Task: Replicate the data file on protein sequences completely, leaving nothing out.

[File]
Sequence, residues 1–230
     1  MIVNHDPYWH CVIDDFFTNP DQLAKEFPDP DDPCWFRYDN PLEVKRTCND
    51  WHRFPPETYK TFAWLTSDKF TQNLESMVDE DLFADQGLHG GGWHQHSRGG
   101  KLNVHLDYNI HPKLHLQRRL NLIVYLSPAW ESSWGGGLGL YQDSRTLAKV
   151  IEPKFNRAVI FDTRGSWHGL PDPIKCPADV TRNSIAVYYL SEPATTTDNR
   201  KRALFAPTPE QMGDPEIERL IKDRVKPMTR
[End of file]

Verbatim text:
Sequence, residues 1–230
     1  MIVNHDPYWH CVIDDFFTNP DQLAKEFPDP DDPCWFRYDN PLEVKRTCND
    51  WHRFPPETYK TFAWLTSDKF TQNLESMVDE DLFADQGLHG GGWHQHSRGG
   101  KLNVHLDYNI HPKLHLQRRL NLIVYLSPAW ESSWGGGLGL YQDSRTLAKV
   151  IEPKFNRAVI FDTRGSWHGL PDPIKCPADV TRNSIAVYYL SEPATTTDNR
   201  KRALFAPTPE QMGDPEIERL IKDRVKPMTR